>Take it all seriously, ignore some trolls, and you'll be good.


    Standard, good USENET advice.

    Thank you for your post.

    Sincerely,

    Gene Wirchenko
     
    Gene Wirchenko, Nov 4, 2011
    #4
  5. On Fri, 04 Nov 2011 10:30:14 +0100, Christian Kirsch <>
    wrote:

    >Gene Wirchenko schrieb:
    >
    >> You can read my questions as being about JavaScript specifically
    >> or the conglomerate of systems I mentioned. I could use help with
    >> both.


    >But what *are* your questions? You mention one thing ("escape


    They are the sentences that end with "?". Here they are again:

    Are there any gotchas that I should be particularly alert for?

    Are there any good books that get into the nasty bits?

    >characters"), and I don't even understand, what you mean by this. If you


    Maybe you use different terminology? In some languages, to
    represent certain characters in a string, one must escape the
    character. C example:
    char tab='\t';
    tab would then contain the tab character, not a backslash followed by
    a lower-case T.

    >want answers, you should probably be asking clear questions.


    One of the problems of getting started is finding out exactly
    where to start. When I have specific questions, I will ask them. For
    now, I am trying to get the lay of the land.

    Sincerely,

    Gene Wirchenko
     
    Gene Wirchenko, Nov 4, 2011
    #5
  6. Gene Wirchenko wrote:

    > Christian Kirsch wrote:
    >> Gene Wirchenko schrieb:
    >>> You can read my questions as being about JavaScript specifically
    >>> or the conglomerate of systems I mentioned. I could use help with
    >>> both.

    >>
    >> But what *are* your questions? You mention one thing ("escape

    >
    > They are the sentences that end with "?". Here they are again:
    >
    > Are there any gotchas that I should be particularly alert for?
    >
    > Are there any good books that get into the nasty bits?


    You are just asking for it:

    <http://www.catb.org/~esr/faqs/smart-questions.html>


    PointedEars
    --
    Anyone who slaps a 'this page is best viewed with Browser X' label on
    a Web page appears to be yearning for the bad old days, before the Web,
    when you had very little chance of reading a document written on another
    computer, another word processor, or another network. -- Tim Berners-Lee
     
    Thomas 'PointedEars' Lahn, Nov 4, 2011
    #6
  7. On Fri, 04 Nov 2011 20:46:46 +0100, Thomas 'PointedEars' Lahn
    <> wrote:

    >Gene Wirchenko wrote:
    >
    >> Christian Kirsch wrote:
    >>> Gene Wirchenko schrieb:
    >>>> You can read my questions as being about JavaScript specifically
    >>>> or the conglomerate of systems I mentioned. I could use help with
    >>>> both.
    >>>
    >>> But what *are* your questions? You mention one thing ("escape

    >>
    >> They are the sentences that end with "?". Here they are again:
    >>
    >> Are there any gotchas that I should be particularly alert for?
    >>
    >> Are there any good books that get into the nasty bits?

    >
    >You are just asking for it:
    >
    ><http://www.catb.org/~esr/faqs/smart-questions.html>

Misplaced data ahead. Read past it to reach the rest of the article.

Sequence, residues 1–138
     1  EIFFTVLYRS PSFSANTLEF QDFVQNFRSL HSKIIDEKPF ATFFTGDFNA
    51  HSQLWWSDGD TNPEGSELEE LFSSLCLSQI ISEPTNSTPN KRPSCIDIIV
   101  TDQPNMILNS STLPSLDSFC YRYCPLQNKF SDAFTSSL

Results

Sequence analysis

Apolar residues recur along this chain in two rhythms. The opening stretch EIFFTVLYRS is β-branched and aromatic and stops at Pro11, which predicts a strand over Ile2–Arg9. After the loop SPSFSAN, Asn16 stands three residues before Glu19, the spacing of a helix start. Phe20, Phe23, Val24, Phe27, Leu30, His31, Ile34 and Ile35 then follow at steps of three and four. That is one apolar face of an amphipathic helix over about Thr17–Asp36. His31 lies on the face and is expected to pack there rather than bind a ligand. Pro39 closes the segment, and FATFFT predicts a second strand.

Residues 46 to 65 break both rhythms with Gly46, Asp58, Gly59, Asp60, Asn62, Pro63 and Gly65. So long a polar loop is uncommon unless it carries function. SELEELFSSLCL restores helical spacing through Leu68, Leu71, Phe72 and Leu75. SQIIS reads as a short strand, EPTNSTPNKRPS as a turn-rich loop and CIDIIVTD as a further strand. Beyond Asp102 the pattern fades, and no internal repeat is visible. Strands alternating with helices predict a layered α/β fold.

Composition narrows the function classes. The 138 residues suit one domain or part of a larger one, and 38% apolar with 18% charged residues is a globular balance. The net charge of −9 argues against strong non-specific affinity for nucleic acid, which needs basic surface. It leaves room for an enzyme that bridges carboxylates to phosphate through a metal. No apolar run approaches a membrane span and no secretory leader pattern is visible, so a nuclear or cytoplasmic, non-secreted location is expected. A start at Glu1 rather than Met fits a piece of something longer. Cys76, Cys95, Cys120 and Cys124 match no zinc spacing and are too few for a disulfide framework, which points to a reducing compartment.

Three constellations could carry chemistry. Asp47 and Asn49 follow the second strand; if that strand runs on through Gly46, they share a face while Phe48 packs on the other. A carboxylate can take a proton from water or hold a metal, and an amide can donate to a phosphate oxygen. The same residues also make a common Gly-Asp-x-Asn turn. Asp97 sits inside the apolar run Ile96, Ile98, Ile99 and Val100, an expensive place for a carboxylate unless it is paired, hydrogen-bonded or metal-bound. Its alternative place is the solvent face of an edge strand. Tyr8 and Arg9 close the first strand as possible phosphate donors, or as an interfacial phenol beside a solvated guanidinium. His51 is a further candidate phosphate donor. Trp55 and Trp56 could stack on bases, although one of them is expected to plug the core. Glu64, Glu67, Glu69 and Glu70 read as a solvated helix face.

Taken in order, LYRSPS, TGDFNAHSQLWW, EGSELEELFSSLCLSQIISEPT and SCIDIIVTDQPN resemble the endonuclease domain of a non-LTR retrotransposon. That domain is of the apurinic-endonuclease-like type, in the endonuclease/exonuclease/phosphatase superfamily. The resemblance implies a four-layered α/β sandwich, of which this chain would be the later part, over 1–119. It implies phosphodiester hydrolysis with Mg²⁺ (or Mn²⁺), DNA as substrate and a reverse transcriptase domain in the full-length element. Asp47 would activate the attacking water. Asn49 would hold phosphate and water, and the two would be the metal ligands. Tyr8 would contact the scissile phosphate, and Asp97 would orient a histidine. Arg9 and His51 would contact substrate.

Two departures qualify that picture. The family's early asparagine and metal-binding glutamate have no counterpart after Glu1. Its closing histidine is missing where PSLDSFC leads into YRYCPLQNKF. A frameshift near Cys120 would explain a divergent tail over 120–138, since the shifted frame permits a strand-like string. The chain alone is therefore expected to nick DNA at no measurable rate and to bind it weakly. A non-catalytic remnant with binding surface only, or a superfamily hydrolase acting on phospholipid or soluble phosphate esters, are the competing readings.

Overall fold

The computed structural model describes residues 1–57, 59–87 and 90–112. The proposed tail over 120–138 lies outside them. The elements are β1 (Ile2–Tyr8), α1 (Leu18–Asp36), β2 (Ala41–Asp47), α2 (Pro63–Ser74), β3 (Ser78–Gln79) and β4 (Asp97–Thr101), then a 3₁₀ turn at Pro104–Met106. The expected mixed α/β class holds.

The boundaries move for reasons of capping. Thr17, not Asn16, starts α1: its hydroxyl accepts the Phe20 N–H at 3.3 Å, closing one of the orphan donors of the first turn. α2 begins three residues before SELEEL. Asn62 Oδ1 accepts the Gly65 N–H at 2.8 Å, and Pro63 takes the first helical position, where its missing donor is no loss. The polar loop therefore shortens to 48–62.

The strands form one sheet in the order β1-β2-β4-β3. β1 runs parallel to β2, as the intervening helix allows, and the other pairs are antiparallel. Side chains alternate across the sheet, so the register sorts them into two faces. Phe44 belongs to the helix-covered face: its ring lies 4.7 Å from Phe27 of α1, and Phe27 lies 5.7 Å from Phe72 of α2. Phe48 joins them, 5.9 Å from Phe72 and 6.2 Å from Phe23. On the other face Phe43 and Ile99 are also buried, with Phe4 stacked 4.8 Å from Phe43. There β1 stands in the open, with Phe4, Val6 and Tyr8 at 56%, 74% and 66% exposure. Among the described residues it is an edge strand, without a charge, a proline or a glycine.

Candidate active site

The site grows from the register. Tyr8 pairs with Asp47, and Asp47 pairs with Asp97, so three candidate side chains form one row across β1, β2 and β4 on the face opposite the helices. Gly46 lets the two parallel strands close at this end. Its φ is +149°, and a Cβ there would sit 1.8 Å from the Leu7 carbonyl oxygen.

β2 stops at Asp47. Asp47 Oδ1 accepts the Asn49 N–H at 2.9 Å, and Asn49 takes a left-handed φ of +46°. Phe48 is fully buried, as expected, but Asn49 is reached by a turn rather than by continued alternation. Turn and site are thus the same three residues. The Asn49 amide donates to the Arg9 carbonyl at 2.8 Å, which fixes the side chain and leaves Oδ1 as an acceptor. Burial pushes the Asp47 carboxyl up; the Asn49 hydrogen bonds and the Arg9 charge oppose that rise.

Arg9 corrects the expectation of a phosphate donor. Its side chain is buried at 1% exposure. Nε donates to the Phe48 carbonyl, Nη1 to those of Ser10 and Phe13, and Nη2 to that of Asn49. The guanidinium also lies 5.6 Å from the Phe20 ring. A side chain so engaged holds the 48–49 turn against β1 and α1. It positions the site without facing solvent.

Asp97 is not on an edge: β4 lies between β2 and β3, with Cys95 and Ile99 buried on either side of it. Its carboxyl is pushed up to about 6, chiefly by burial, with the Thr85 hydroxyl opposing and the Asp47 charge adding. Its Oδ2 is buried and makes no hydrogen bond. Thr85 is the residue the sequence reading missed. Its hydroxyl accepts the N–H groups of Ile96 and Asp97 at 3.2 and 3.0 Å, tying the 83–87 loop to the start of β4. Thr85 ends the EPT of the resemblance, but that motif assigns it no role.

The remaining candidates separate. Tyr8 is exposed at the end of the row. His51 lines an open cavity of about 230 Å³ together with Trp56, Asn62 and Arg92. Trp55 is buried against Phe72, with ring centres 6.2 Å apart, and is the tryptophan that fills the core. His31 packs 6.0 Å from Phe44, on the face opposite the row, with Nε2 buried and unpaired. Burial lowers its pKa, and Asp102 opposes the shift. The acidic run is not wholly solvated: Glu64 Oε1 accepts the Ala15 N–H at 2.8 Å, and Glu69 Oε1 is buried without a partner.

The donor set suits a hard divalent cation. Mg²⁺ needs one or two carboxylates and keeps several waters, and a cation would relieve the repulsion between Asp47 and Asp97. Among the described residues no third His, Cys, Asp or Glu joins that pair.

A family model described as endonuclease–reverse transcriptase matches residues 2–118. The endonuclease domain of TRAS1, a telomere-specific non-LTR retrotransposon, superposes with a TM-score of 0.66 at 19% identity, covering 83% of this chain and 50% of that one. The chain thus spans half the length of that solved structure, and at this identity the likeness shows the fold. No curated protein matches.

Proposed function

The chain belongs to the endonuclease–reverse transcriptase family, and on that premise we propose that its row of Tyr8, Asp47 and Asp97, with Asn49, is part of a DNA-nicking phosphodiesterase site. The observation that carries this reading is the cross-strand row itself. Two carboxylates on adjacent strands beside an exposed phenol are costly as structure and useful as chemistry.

I was wondering if it were your past history with others or that
    you were just plain rude. Unfortunately, your reply strongly suggests
    it to be the latter.

    Just in case the above gave you a bit of pause, how would you (as
    a newbie) ask for a book on the subject of your newbieness that deals
    with non-trivial uses?

    Sincerely,

    Gene Wirchenko
     
    Gene Wirchenko, Nov 4, 2011
    #7
  8. Gene Wirchenko wrote:

    > Thomas 'PointedEars' Lahn wrote:
    >> Gene Wirchenko wrote:
    >>> Christian Kirsch wrote:
    >>>> Gene Wirchenko schrieb:
    >>>>> You can read my questions as being about JavaScript specifically
    >>>>> or the conglomerate of systems I mentioned. I could use help with
    >>>>> both.
    >>>>
    >>>> But what *are* your questions? You mention one thing ("escape
    >>>
    >>> They are the sentences that end with "?". Here they are again:
    >>>
    >>> Are there any gotchas that I should be particularly alert for?
    >>>
    >>> Are there any good books that get into the nasty bits?

    >>
    >> You are just asking for it:
    >>
    >> <http://www.catb.org/~esr/faqs/smart-questions.html>

    >
    > I was wondering if it were your past history with others or that
    > you were just plain rude. Unfortunately, your reply strongly suggests
    > it to be the latter.


    *PLONK*
     
    Thomas 'PointedEars' Lahn, Nov 4, 2011
    #8
  9. Gene Wirchenko

    Elegie Guest

    On 04/11/2011 04:41, Gene Wirchenko wrote :

    Hi,

    > The app will be internal for the projected future. The browser
    > will be IE 9, the OS Windows 7. We will be using SQL Server Express
    > for the DBMS. For the Web end, it will be JavaScript, VBScript, ASP
    > Classic, and AJAX.


    Others have already commented on that choice. Note that you can also use
    ASP with JScript (this way you'd just have to learn one language instead
    of two, unless you already know VBScript).

    I used to do some ASP 3.0 about 10 years ago. I liked it very much, it
    was very easy, yet be careful about your design: it's all too easy, with
    ASP, to have your application layers interwoven (thus making your
    application incredibly difficult to extend).

    > Are there any good books that get into the nasty bits? (Of the
    > two mnetioned in the FAQ, one does not seem appropriate. The other
    > one, I am not sure about.)


    I don't know about books, but can tell you about my learning javascript.
    It all began in 1999, I started with some big book about HTML/Javascript
    (this gave me a feeling about the technology), then I started
    participating on comp.lang.javascript. I soon identified posters whose
    discussions and scripts looked interesting, and read all their past
    posts. While doing so, I also read the specifications, and made some
    test cases each time I encountered something new. In about 3 years, I
    was pretty confident in my skills.

    Authors I especially liked reading were Martin Honnen (I have never seen